Business lobbyists welcome the White House's go-slow approach, saying the issue is too complicated and too costly to be rushed, especially in a recession.
"We have not until now had a national debate on a climate change proposal, period," said Karen A. Harbert, a former senior Energy Department official who now heads the United States Chamber of Commerce's energy institute. "That has to happen for any piece of legislation to achieve broad support across the country."
Ms. Harbert and other business lobbyists also welcomed the administration's hesitancy to undertake regulation of climate-altering gases under E.P.A. authority, saying the matter should be fully aired before Congress so that all interests and regions could be heard.
Keith McCoy, vice president for energy and resources policy at the National Association of Manufacturers, said his organization was "strongly opposed to an E.P.A. regulatory process for greenhouse gas emissions under the Clean Air Act."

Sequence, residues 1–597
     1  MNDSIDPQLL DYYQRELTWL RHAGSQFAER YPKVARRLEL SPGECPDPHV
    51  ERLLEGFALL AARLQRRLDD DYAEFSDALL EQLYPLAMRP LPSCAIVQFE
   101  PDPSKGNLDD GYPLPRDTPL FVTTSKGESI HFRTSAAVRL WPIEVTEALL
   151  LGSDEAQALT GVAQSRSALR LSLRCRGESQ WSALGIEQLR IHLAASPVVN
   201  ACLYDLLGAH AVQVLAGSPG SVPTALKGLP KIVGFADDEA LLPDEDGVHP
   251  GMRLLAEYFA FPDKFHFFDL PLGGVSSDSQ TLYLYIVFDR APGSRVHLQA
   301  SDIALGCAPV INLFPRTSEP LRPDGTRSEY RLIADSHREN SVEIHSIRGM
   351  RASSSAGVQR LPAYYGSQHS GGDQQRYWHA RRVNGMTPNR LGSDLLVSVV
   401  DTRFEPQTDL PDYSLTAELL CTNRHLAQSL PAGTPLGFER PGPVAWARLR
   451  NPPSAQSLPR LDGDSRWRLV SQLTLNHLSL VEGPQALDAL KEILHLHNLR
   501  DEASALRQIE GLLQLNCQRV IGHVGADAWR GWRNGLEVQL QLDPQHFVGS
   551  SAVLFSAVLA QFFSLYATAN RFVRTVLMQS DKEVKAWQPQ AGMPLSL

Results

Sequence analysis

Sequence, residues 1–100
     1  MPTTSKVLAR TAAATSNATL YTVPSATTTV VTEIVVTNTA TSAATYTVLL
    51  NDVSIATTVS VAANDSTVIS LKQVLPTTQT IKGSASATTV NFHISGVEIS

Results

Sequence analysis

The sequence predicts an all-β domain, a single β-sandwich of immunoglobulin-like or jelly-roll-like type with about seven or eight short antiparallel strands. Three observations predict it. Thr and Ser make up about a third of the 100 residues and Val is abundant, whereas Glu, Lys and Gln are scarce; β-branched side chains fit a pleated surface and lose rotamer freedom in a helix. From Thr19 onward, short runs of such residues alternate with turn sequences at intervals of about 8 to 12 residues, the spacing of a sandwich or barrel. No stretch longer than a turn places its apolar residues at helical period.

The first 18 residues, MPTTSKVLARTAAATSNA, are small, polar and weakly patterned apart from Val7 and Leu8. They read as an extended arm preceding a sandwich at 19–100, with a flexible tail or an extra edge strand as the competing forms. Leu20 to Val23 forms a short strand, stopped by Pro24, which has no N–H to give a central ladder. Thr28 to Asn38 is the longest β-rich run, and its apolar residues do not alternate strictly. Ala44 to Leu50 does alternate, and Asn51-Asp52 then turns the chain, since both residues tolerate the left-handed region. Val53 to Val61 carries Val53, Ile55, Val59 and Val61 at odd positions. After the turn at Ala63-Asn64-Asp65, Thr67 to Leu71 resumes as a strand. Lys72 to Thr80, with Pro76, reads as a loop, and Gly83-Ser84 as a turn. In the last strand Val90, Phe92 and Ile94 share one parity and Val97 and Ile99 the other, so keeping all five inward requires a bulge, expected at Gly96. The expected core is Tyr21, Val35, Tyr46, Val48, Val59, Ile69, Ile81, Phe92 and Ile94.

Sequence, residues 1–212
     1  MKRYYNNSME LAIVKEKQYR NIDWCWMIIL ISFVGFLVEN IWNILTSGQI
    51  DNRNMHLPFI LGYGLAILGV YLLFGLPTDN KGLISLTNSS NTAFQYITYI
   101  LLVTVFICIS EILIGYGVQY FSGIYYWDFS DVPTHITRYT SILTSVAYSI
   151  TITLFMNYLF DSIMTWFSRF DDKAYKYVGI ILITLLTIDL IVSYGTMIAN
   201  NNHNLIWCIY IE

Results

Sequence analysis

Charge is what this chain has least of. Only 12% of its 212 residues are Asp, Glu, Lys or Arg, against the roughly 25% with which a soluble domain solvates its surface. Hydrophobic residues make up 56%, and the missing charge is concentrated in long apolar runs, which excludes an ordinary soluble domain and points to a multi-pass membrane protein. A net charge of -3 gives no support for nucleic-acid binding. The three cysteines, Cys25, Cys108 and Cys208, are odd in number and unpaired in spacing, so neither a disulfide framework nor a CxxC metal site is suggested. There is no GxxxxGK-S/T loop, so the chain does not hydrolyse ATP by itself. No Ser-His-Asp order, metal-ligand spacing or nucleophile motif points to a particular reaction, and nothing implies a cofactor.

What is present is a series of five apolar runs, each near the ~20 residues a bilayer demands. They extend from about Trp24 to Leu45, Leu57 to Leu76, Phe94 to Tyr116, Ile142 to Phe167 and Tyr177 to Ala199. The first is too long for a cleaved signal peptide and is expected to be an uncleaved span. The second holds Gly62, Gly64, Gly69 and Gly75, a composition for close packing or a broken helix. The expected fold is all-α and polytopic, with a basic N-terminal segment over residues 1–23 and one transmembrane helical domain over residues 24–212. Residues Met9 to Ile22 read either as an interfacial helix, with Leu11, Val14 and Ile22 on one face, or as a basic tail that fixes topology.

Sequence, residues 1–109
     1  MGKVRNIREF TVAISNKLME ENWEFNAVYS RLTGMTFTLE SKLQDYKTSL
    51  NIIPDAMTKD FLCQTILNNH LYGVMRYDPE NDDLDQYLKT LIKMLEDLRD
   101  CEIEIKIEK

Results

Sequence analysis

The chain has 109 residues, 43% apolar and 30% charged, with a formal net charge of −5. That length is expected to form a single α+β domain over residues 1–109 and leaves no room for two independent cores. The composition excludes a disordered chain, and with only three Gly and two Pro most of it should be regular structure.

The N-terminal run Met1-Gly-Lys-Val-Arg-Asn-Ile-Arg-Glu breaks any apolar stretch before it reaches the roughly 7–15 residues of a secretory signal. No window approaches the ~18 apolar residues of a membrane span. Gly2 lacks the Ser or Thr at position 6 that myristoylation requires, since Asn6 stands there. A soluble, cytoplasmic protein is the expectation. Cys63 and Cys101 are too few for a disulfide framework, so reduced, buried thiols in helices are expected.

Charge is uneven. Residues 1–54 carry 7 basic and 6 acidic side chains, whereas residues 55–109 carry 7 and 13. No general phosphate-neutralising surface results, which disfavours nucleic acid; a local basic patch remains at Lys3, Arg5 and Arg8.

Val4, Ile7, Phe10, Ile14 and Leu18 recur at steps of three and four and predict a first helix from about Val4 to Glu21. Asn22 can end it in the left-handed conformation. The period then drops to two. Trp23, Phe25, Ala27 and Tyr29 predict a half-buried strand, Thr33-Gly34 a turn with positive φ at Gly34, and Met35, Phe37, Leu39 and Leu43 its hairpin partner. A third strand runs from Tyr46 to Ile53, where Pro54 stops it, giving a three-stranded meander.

Mr. McCoy said his members would prefer a binding international treaty that would cover all nations, particularly those whose industries compete with energy-intensive American manufacturers. "Absent that," he said, "we would prefer a robust and transparent debate within Congress."
The administration's caution leaves many environmental advocates frustrated, although most are reluctant to speak on the record for fear of alienating their allies inside government.
One environmental and energy lobbyist with close ties to the White House said the administration had been inhibited by a number of factors, including vacancies in many top policy jobs, an intense early focus on the financial and economic crises, and an unwillingness to alienate business and Congressional leaders with a heavy-handed approach.
"With those realities, coupled with the fact that the president himself realizes this is harder to do in the midst of recession, they are basically content to see what Congress will do," this lobbyist said. "Plus, Henry Waxman has put together a very serious piece of legislation, and that in my mind justifies their lack of forceful intervention. That's just where they are now."